• MSL SnPb Eutectic: n/a
  • ThetaJA: 29ºC/W
  • Bulk Pack Style: Tray
  • Quantity per Bulk Pack: 260
  • Quantity per Reel: 3000
  • Quantity per Tube: n/a
  • Quantity per Tray: 260
  • Reel Size (Dia. x Width x Pitch): 330 x 16 x 12
  • Tape & Reel Unit Orientation: Quadrant 1
  • Dimensions: mm
  • Length: 8.00
  • Width: 8.00
  • Thickness: 1.00
  • Lead Pitch: 0.50

Parts & Purchasing

Part Number Pkg Code Min Temp Max Temp Status Buy Now Order Samples
XR22802IL56-F QFN56 8x8 OPT1 -40 85 Active Order
XR22802IL56TR-F QFN56 8x8 OPT1 -40 85 OBS Suggested:
XR22802IL56-F
XR22802IL56-0A-EB Board Active
Show obsolete parts
Part Status Legend
Active - the part is released for sale, standard product.
EOL (End of Life) - the part is no longer being manufactured, there may or may not be inventory still in stock.
CF (Contact Factory) - the part is still active but customers should check with the factory for availability. Longer lead-times may apply.
PRE (Pre-introduction) - the part has not been introduced or the part number is an early version available for sample only.
OBS (Obsolete) - the part is no longer being manufactured and may not be ordered.
NRND (Not Recommended for New Designs) - the part is not recommended for new designs.

Quality & Environmental Data

Part Number RoHS | Exempt RoHS Halogen Free REACH MSL Rating / Peak Reflow Package
XR22802IL56-F N Y Y Y L3 / 260ᵒC QFN56 8x8 OPT1

Click on the links above to download the Certificate of Non-Use of Hazardous Substances.

Additional Quality Documentation may be available, please contact customersupport@maxlinear.com.
Distribution Date Description File
07/11/2017 Product Discontinuation Notification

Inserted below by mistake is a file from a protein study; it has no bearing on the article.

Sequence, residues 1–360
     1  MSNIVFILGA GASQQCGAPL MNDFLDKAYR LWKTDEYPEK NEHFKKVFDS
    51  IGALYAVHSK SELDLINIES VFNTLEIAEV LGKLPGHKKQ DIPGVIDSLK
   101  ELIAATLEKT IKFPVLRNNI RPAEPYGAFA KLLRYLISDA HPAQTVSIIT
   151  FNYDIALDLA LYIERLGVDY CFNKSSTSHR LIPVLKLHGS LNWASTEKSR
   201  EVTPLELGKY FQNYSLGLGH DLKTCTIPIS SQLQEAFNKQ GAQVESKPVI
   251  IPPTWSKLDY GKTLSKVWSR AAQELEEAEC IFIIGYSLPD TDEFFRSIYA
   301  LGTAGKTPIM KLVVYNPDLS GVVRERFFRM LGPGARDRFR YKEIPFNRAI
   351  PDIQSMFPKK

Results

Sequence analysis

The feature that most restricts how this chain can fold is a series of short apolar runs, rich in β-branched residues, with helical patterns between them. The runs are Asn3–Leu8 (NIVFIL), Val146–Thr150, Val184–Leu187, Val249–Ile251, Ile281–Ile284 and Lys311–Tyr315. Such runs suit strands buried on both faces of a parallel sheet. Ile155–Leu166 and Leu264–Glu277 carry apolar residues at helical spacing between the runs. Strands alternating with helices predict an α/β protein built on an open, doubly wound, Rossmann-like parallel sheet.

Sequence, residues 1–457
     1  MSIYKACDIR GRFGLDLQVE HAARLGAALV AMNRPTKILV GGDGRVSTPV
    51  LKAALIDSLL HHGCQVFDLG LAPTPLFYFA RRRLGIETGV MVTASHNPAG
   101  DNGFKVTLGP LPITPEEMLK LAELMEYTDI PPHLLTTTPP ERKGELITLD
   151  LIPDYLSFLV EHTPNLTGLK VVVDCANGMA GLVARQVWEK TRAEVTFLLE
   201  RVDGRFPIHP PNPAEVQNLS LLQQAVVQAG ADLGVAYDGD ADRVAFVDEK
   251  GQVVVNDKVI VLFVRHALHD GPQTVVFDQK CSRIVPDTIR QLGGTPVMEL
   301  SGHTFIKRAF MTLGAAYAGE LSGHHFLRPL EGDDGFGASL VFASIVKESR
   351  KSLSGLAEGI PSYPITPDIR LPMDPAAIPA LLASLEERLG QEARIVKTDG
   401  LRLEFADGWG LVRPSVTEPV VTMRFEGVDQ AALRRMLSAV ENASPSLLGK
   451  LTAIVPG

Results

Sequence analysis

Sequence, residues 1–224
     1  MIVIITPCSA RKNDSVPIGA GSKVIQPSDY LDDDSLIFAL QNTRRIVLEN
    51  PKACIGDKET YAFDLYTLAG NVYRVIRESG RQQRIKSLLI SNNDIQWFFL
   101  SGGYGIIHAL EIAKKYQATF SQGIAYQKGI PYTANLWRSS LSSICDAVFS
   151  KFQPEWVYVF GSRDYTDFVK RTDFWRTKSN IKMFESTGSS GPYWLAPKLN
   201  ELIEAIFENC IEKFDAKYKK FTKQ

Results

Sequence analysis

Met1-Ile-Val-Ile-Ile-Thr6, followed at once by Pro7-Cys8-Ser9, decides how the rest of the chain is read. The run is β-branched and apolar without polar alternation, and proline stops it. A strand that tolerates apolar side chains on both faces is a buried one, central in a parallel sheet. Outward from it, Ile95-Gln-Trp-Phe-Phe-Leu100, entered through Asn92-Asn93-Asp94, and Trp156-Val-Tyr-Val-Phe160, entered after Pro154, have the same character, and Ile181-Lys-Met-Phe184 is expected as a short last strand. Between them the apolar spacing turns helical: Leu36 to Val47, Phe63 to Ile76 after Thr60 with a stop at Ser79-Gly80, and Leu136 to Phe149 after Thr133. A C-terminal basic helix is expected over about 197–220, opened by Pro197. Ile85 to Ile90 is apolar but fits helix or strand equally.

01/31/2017 Addition of qualified 12 inch wafer processing line in Global Foundries, in addition to the currently qualified 8 inch wafer processing. Note: Reliability report will be available February 17, 2017.

Frequently Asked Questions

For some UARTs, Microsoft certified drivers are available for Windows Operating System and can be downloaded via Windows Update. These drivers and others, including for Linux and other Operating Systems can be found by visiting https://www.exar.com/design-tools/software-drivers Please note Software Driver Use Terms.

 

 
You can also get to this link by going to the exar.com website, clicking on Support (in black bar near top of page), then click on Design Tools, then under Evaluation Hardware and Software (towards right of page) click on Software Drivers.
 
 

Click on the version link under Driver Version of the desired type of UART, part number and operating system. A zip file is downloaded which contains a ReadMe file with instructions.

Links to datasheets and product family pages are in the software driver table for easy reference. 

Find the product page of the part that you want to get an evaluation board for and click on Parts & Purchasing. Example: